Hakea macraeana, commonly known as the willow needlewood or Macrae's hakea, is a species of shrub native to eastern Australia. The species was first formally described by botanist Ferdinand von Mueller in 1886 in the Australian Journal of Pharmacy. The species name honours one George Macrae, who aided the original collector William Baeuerlen.
Hakea macraeana grows as a shrub or small tree anywhere from 1 to 7.5 or 10 m (4–25 (35) ft) tall, and has drooping branches and needle-like leaves, which range from 4 to 15 centimetres (1.6 to 5.9 in) long, and are soft but tipped with a sharp point. The white or cream-white inflorescences appear along the stems from August to October, and are composed of two to six individual small flowers. Flowering is followed by the development of oval-shaped woody seed pods. Warty and brown, they are 2.8–4 centimetres (1.1–1.6 in) long and 1.8–2.4 centimetres (0.71–0.94 in) wide. Each contains two dark grey or dark brown seeds which are 2.2 to 2.7 millimetres (0.087 to 0.106 in) long and bear a membranous "wing".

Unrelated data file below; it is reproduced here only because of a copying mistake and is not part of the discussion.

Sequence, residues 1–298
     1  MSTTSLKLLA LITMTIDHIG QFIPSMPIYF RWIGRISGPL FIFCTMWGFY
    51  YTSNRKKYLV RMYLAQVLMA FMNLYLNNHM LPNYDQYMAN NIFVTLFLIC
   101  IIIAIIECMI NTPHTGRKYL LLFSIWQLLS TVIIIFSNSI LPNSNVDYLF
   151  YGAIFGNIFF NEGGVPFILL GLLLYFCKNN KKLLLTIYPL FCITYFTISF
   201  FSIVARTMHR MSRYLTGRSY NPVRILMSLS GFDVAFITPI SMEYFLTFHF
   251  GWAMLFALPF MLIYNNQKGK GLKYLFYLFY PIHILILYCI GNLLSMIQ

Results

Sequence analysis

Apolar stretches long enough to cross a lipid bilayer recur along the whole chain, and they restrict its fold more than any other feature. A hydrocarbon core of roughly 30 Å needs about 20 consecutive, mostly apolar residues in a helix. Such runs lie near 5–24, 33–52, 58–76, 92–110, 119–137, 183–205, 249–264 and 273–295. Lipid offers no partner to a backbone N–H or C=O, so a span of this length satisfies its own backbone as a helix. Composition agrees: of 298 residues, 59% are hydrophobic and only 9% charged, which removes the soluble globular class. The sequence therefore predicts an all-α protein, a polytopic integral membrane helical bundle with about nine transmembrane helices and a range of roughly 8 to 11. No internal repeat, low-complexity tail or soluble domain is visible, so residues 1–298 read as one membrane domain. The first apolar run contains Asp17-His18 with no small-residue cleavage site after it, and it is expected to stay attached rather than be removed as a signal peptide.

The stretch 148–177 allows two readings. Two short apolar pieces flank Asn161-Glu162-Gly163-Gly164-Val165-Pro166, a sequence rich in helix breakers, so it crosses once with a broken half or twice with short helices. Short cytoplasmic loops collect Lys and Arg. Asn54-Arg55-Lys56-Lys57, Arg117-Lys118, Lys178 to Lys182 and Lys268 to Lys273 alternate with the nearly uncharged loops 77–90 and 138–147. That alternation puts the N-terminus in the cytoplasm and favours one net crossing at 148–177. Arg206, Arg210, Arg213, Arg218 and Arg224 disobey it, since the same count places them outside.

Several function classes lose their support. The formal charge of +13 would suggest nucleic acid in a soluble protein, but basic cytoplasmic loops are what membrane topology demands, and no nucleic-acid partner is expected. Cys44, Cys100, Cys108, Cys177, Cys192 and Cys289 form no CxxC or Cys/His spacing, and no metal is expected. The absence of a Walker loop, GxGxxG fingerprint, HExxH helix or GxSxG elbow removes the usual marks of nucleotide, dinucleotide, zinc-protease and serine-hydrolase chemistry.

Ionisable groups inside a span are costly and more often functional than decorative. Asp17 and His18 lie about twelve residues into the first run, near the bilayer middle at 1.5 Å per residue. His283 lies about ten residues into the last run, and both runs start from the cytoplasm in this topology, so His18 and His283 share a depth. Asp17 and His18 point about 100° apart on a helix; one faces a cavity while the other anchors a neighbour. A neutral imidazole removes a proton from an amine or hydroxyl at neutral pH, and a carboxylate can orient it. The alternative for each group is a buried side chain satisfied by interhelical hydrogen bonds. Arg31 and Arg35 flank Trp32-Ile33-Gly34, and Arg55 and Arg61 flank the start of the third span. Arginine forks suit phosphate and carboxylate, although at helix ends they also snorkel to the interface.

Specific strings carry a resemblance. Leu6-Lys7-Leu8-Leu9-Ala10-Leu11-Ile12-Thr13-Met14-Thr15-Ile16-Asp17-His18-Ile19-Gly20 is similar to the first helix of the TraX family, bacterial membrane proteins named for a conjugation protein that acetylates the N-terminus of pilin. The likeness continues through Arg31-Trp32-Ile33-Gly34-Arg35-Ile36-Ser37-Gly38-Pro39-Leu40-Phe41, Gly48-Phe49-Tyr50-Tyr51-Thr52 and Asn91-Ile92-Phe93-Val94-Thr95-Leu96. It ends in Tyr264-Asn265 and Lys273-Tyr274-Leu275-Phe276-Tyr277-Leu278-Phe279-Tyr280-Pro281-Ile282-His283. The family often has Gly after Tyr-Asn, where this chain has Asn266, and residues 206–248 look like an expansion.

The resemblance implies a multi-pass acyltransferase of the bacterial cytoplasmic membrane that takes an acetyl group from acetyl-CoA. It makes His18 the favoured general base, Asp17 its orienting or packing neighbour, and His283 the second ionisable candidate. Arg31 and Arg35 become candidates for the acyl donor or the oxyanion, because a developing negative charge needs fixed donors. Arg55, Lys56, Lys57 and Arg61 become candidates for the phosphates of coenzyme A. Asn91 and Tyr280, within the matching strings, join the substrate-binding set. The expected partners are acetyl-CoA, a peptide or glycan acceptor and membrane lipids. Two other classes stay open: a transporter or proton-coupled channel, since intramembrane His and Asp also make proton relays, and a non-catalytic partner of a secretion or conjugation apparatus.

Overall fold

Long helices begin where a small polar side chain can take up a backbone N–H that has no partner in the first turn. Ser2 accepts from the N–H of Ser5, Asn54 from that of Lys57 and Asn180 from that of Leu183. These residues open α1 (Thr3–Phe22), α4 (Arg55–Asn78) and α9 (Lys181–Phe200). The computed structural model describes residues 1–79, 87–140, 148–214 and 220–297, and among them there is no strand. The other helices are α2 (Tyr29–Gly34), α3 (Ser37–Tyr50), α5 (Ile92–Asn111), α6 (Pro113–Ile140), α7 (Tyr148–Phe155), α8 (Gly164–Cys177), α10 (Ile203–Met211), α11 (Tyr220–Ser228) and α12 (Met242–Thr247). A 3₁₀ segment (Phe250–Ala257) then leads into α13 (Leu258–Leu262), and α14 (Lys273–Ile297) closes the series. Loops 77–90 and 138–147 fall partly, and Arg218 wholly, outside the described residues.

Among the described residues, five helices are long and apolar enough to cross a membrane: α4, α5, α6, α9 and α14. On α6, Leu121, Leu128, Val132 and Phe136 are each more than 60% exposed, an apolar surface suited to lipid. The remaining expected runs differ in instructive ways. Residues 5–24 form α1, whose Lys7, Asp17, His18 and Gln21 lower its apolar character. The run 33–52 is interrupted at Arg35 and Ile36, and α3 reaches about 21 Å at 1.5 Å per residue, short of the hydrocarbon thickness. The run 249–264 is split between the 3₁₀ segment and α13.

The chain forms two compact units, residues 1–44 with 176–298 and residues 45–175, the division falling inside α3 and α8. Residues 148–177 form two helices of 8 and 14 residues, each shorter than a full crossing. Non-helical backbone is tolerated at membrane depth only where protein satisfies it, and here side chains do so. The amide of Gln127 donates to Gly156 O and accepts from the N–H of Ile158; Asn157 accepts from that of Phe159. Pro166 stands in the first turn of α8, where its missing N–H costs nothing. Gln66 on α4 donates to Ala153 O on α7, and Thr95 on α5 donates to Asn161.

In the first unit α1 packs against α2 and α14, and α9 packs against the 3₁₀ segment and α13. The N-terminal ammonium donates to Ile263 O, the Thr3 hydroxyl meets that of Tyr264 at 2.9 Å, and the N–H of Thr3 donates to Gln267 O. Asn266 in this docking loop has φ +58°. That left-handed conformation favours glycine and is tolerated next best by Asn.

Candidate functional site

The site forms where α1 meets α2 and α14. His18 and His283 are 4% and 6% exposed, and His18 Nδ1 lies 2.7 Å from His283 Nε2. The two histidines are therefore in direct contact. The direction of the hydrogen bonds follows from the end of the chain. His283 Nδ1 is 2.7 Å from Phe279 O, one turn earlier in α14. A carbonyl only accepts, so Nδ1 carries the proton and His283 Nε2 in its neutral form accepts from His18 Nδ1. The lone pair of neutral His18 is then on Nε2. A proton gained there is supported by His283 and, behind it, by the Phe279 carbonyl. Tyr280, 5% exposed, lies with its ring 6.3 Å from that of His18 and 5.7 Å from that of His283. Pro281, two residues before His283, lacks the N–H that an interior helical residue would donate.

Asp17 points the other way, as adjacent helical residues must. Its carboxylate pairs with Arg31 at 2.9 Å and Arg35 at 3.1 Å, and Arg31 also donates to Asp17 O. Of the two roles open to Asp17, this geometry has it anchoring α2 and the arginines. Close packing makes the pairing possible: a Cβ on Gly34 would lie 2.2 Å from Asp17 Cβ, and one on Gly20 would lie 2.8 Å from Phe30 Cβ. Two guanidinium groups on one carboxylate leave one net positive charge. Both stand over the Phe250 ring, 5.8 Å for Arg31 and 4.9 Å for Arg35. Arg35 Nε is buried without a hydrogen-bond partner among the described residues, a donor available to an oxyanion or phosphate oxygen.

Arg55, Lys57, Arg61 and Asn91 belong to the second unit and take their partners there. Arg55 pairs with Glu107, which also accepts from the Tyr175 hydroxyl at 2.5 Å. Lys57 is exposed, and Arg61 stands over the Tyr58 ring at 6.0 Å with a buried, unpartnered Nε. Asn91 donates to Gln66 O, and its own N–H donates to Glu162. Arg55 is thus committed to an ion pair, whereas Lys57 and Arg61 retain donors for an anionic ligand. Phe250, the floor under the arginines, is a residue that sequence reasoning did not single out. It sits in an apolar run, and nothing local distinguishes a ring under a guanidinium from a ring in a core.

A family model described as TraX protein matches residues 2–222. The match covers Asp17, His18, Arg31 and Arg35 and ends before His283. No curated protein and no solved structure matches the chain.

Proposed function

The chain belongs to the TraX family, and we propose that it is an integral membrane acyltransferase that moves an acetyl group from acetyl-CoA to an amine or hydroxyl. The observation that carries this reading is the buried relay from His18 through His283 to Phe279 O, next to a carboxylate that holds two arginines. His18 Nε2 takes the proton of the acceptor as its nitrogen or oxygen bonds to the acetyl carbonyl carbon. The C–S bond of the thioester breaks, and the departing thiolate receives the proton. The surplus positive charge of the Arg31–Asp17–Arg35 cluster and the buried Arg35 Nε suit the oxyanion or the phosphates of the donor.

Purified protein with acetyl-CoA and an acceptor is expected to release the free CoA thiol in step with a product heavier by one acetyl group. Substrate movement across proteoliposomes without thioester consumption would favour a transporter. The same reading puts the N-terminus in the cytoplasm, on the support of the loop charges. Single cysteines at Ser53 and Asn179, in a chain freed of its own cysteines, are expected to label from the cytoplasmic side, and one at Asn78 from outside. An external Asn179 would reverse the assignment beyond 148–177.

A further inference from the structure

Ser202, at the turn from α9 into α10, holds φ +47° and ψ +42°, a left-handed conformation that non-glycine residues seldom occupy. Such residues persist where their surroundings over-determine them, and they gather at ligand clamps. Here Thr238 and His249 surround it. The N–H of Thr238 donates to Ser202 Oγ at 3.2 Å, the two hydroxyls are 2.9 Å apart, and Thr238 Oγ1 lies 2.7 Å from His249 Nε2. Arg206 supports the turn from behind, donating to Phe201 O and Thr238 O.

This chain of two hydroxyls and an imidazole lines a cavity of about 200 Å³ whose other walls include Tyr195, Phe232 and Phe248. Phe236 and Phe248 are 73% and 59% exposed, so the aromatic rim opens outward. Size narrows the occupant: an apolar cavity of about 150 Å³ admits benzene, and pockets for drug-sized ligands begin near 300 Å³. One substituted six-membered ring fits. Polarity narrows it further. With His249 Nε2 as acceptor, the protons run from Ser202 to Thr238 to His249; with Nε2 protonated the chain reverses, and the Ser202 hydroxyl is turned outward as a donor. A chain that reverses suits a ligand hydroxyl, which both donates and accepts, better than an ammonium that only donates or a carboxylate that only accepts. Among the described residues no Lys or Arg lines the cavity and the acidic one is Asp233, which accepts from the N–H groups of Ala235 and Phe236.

The range is the south coast and southern tablelands of New South Wales to altitudes of 1,060 metres (3,480 ft). A population from Dorrigo in northern New South Wales has since been classified as a separate species H. ochroptera. Hakea macraeana is an understory plant of sclerophyll forest on rocky soils. The species' response to bushfire is unknown.
Rarely cultivated, the willow needlewood has potential as a screening plant. It adapts readily to cultivation and is tolerant of light or heavy soils. Faring better in climates of over 450 millimetres (18 in) annual rainfall, Hakea macraeana is tolerant of moderate frosts.